but as the number was too great for all to be
started at once, the managers offered a sec
ond parse of $75, leaving the owners of the
horses entered to make choice between the
two. Under this arrangement the remaining
horses who were present—three being absent
—were deferred to the second purse.
Considerable difficulty, on accoant of the
number of horses, was had in getting started,
but at leDgtb the word " go" was given, and
away the whole nine went, making a lively,
clattering noise, and a pretty spectacle. As
they neared tbe first-quarter pole, Odessa had
the lead, followed close by Fancy ; Frank be
ing bat a short distance behind. Before
reaching the second quarter, Odessa broke,
and was passed by Fancy who, thereafter,
kept the place and came down the home
stretch on the lead, followed in rapid suc
cession by Odessa, 2d., Frank, 3d. ; Hallet,
4th; Don, 5th. Polly Ann and Sleepy Kate
being distanced. Time 2:45}.
Second Heat .—The horses took their places
according to their rank as won in tbe first
beat. The same trouble was experienced in
getting started, but finally the " go" was
given and the race commenced, wi'h Fancy
ahead, followed closely by Odessa, Hallet and
Don, successively. The latter, however,
passed Hallet, and on the home-stretch
Fancy came in first, Odessa, second; Don,
third and Hallet fourth. Frank, distanced.
Third Heat.—"Won easily by Fancy, and
with it the race and first money—$80.
Odessa taking the second and Hallet the
third. Don, distanced. Time 2:50.
Third Race—Pubse $200. 2:45 Horses.
Entries.— g. m, Morning, by W. H. Doble,
jr., of Phil. ; g. m. Harriet P. by Geo. Lit
senberg, Phil. ; b. m. Fanny Fern, by W. S.
Bewley,Md.; blk. h. Rob Roy, by W. A.
Twilley, Cambridge, Md. ; b. m. Jennie
Moore, by G. H. Elkinton, N. J. ; d. m.
Belle, by Joseph Gracy, Penna.; b. m
Darning Needle, by W. W. Stephens, Hanes
ville, Md. ; s. h. Stonewall, by James John
son, Millington, Md., and ch. s. David Wal
lace by W. McFadden, Rozborougb, Pa.
First Heat .—After much time spent in
getting started tbe horses at last got off, and
tbe whole nine being well up to the scroll,
they made a good beginning for a pretty
race. For a time they kept well together,
but tbe faster ones soon pat a wide gap be
tween themselves and their slower competi
tors, and the chief interest on the part of the
spectators became centered in Morning, Jen
nie Moore, Stonewall, Darning Needle and
Fanny Fern, between whom it was evident
the contest would be. At tbe termination
of tbe 1st heat the score stood : Morning
first, Jennie Moore second, Fanny Fern
third, Darning Needle fourth, Stonewall
fifth, Belle sixth, Wallace seventh, Rob Roy
eighth, Harriet P. ninth. Time 2:44.
Second Heat .—In this heat Stonewall made
some handsome gams, and had he stuck to
his work he might have made a better show,
but by frequently breaking he lost much
time. As it was, in coming down the home
stretch he hurried Jennie Moore considera
bly. The beat was won by Morning ; Jen
nie Moore being second, Stonewall third,
WAllaoe fourth, Fannie Fern fifth, Darning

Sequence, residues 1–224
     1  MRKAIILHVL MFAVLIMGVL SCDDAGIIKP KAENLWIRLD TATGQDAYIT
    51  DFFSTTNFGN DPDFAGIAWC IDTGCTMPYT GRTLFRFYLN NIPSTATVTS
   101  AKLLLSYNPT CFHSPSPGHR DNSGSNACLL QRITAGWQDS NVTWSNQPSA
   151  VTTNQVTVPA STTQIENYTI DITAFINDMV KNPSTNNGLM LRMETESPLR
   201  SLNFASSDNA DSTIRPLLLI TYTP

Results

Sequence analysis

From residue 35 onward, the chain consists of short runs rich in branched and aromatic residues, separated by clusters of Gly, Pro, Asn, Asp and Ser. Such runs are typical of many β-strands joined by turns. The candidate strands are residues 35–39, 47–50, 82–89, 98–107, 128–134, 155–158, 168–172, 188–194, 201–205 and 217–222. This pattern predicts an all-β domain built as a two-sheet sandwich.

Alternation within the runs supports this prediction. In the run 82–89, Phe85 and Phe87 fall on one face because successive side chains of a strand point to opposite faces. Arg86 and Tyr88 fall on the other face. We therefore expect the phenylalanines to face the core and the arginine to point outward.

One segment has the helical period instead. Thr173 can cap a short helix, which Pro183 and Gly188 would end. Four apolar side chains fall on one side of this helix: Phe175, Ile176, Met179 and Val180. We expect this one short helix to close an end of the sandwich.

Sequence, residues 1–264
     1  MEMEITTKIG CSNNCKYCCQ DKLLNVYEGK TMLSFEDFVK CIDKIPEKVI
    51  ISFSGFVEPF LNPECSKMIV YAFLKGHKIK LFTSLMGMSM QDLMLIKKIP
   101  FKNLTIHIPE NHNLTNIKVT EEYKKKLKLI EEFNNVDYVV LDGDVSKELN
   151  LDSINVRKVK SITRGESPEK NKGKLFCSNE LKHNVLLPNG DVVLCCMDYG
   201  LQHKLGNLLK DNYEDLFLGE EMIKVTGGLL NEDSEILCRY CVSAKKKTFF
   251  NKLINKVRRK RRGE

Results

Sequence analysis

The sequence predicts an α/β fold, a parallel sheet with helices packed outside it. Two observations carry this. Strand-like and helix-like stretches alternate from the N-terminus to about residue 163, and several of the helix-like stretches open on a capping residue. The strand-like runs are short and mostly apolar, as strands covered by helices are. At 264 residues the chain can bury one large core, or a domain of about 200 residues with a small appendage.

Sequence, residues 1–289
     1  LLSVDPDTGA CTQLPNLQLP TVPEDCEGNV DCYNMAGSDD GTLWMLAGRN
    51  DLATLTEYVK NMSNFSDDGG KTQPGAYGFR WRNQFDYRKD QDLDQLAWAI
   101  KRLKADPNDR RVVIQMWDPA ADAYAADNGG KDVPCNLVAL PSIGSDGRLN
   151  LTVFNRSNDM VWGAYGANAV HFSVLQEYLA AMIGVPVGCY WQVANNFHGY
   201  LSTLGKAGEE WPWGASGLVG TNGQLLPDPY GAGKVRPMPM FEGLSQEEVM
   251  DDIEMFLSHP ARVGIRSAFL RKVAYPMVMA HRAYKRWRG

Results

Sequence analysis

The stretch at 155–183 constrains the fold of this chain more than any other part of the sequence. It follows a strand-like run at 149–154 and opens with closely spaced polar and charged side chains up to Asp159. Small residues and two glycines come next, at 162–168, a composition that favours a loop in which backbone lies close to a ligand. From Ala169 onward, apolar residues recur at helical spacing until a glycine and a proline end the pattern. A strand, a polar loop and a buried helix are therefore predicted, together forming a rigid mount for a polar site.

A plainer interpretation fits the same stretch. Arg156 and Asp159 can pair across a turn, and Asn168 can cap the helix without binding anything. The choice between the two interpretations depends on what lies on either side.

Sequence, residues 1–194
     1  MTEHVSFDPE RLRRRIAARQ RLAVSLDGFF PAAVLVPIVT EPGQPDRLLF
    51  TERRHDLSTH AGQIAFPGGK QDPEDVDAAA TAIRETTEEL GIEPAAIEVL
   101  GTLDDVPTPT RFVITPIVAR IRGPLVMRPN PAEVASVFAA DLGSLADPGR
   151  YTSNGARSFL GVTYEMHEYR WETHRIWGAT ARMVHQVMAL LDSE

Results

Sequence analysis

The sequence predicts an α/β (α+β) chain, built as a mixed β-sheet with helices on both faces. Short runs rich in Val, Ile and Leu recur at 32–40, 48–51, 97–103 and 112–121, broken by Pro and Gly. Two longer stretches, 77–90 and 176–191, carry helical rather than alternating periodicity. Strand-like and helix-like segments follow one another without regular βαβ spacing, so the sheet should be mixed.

Needle sixth and Rob Roy seventh. Harriet
P. and Belle were distanced Time 2:39}.
Third Heat .—Won easily by Morning, and
with it the race and first money, $120. Jen
nie Moore taking second, and Fannie Fern
third Time 2:42.
Fourth Race.—Purse $75. 3:30 Horses.
[This was the special puree for the horses
who could not start in the second race.]
Entries .—blk g Black Douglass, by Wm.
Brady, Middletown ; b g Dexter, by James
W. Morgan, jr., Cecilton, Md. ; b m Bohe
mia Girl by R. T. Clayton, Middletown ;
b m Belle Wild Air, by John K. Hogg, Elk
ton ; g g Gray Eagle, by H. H. Smith, Tem
pleville, Md , and s g Billy Brutus, by I. D.
Wallace, St. Georges, Del.
First Heat .—All started well together, but
Black Douglass outstripped bis competitors
easily in the race, steadily increasing the
gap Rntil as they came down the home-stretch
he was well in advance, leading the race in
gallant style, and winning the heat ; tbe
score being, Douglass first, Bohemia Girl
second. Gray Eagle third, Belle Wild Air
fourth, Billy Brutus fifth
Second Heal -—Won by Douglass with appar- | ed
ent ease, the score being Douglass first. Be
hernia Girl second, Gray Eagle third, Belle |
Third Heat .—Through some misfortune : for
in starting, DouglaBS fell behind. Belle
Wild Air, who led him qearly to the third
quarter, making tbe contest the most excit
ing of tbe day. A little application of the
whip made him " let out another link," and
he drew up And passed the mare coming
down the bome-stretch well ahead amid tbe its
Wild Air fourth. Time 2;46:
shouts of the spectators, winning the race and
first money, the second being awarded
Billy Brutus and Belle Wild Air third.
The cloudy appearance of the sky on Wed
nesday night, gave rise to grave apprehen
sions of a rainy day on Thursday, and the
bright and cloudless rising of the sun was
bailed with mach satisfaction by the hun
dreds of persons anxious to attend the
day of the fair. The sky afterward became
somewhat overcast, but the sun came out
again about ten o'clock, giving indications
of a fine day. All morning, hacks, carriages
and other conveyances were kept running in
constant stream to and from the grounds,and
by one o'clock a vast Prowd variously esti
mated at from 2,500 to 4,000 people were as
sembled on the grounds. The grand stand
was filled to its utmost capacity, while hun
dreds of men were gathered within the
circle around the judge's stand, and hun
dreds more, both ladies and gentlemen, were
seated in their carriages which were drawn
up in a long line close to the track. At half
post one, the tap of the bell called the horses
to the track for the first race. This was per
Fourth Race.—Pubse $50.
For horses without record. Entriet —bg
Brutus by Frank Pierce, Middletown ; r g